Promoting a Virtuous Society, Part 3

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In my last article, I mentioned that two major obstacles to a virtuous society are:

  1. A lack of a common standard for morality
  2. A lack of self-control in the populace

Both of these are very difficult obstacles to overcome, and they are interconnected.

Many people have attempted to establish a common standard for morality to no lasting avail. Socrates thought (and his followers still think) that education was the cure for vices, since ignorance and poverty were the cause of them. But that depends entirely on what you mean by “education.” The modern concept of education (as morally neutral) is one of the most insidious causes of social immorality in human history. And all of our attempts to overcome poverty as a source of crime and immorality have also failed. Are not the rich just as vicious, if not more so, than the poor?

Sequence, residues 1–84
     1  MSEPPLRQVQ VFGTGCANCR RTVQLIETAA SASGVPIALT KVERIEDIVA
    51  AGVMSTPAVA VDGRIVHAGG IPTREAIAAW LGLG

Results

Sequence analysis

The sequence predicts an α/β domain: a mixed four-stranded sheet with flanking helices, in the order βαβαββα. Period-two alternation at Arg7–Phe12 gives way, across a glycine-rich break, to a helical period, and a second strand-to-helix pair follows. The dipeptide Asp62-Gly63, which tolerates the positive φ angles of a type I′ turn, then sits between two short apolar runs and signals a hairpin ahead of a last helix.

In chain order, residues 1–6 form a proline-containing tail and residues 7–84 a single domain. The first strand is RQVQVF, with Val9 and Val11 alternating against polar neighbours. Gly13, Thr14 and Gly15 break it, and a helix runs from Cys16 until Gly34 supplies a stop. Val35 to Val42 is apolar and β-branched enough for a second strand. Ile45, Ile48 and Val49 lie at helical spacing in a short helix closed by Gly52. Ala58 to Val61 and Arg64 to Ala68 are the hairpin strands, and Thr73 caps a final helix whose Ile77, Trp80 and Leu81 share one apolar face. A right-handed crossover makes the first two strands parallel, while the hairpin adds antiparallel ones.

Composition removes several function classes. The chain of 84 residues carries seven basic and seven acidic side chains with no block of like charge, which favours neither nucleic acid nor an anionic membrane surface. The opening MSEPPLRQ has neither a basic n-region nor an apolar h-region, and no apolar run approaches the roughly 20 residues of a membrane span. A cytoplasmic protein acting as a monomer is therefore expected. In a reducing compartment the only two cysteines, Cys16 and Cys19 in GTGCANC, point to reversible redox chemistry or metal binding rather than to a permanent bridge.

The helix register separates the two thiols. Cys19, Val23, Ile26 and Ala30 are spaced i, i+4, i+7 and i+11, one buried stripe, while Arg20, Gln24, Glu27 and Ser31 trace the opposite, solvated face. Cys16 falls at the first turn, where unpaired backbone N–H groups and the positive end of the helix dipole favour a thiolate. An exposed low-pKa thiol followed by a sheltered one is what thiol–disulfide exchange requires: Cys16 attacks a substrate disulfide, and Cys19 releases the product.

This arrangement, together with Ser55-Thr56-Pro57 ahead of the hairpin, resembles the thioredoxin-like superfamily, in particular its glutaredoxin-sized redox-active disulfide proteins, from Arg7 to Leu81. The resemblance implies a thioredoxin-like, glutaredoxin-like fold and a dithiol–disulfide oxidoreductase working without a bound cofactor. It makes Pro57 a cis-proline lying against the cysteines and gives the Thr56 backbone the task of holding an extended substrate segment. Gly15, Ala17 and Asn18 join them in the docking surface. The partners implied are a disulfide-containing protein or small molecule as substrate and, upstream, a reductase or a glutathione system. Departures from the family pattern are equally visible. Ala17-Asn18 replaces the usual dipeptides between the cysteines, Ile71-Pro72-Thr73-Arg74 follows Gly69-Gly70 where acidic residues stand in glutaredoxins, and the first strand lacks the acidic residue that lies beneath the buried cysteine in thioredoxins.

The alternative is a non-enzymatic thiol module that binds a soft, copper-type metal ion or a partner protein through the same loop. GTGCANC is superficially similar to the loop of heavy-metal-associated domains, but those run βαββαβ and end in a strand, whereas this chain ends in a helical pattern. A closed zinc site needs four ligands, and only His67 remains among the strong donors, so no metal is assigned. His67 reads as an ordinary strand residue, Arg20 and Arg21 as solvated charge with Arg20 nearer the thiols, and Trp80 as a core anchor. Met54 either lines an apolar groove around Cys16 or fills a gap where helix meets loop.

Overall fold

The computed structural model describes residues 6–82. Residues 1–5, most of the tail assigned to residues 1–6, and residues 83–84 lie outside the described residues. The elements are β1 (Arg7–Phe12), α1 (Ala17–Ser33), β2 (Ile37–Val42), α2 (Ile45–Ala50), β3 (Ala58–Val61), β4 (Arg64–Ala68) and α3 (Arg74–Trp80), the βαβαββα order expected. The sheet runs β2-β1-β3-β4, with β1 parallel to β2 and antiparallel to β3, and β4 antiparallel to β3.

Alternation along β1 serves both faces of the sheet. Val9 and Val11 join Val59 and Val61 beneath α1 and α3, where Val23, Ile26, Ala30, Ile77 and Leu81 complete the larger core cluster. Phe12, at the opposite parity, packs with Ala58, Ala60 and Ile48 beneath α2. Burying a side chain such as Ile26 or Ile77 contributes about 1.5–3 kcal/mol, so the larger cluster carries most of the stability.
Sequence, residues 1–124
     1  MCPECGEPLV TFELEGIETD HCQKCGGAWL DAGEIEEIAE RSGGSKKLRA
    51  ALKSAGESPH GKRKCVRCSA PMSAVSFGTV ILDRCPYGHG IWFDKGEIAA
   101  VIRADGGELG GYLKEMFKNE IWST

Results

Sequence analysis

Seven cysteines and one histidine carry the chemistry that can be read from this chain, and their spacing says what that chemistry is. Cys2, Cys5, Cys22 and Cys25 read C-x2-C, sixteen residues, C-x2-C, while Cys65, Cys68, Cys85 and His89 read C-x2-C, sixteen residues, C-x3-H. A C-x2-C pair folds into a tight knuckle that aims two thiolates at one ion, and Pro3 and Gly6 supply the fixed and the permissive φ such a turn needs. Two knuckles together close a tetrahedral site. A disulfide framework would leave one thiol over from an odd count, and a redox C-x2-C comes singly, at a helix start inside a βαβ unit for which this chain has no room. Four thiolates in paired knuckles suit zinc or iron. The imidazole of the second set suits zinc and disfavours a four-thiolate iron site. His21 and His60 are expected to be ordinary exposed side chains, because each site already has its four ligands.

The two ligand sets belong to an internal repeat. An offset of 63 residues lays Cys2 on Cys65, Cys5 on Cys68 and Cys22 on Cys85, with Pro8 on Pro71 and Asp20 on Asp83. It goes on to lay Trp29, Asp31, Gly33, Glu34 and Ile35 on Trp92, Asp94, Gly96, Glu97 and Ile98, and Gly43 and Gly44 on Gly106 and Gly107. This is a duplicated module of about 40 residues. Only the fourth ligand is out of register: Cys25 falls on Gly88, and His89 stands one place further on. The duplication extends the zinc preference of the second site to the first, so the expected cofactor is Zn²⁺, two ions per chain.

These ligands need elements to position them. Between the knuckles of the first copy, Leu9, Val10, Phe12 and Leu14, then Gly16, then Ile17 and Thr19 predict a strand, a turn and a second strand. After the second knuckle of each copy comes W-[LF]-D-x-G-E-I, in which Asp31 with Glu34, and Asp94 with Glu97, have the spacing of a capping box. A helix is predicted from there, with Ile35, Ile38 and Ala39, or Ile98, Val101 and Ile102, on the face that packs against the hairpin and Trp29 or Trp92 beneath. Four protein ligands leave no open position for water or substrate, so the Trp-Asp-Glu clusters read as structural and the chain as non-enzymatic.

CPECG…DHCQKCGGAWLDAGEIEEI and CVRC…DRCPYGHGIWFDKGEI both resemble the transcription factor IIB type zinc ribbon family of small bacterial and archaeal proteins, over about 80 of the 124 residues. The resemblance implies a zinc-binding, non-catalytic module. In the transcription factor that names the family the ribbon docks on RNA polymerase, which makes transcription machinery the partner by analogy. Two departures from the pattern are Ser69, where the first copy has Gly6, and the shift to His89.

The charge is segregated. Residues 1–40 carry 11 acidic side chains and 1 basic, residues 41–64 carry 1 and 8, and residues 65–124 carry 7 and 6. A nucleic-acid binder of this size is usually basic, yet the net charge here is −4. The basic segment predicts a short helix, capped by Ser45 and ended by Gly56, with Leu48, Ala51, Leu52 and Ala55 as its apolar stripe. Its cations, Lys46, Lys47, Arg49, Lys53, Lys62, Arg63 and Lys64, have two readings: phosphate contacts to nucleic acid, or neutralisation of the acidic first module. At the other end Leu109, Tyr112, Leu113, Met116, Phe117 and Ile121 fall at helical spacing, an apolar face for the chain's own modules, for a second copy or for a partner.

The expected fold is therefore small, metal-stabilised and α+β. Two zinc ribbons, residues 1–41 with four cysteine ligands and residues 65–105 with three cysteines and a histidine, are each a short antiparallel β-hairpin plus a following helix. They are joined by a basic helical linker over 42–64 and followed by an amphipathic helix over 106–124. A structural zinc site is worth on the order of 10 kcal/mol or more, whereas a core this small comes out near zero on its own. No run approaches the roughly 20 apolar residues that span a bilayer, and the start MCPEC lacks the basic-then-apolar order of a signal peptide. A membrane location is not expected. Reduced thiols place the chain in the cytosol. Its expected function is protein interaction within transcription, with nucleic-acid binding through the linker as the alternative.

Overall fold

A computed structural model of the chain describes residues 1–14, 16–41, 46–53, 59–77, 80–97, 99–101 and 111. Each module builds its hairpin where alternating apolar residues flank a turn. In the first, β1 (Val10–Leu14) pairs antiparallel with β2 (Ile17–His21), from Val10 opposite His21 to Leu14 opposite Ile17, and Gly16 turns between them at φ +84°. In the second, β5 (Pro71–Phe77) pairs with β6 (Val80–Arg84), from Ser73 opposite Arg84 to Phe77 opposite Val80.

If we are to educate our youths in virtue, we must be clear about what we are going to teach them. It is my contention that virtues mean nothing outside of the worldview system that supports and defines them. Take for instance one of the central points of agreement among almost all moral codes: human life is sacred.

Most everyone would agree that murder is wrong. But why? What is murder? Unjust killing? What makes it unjust? One needs a worldview to inform the boundaries of the sanctity of human life.

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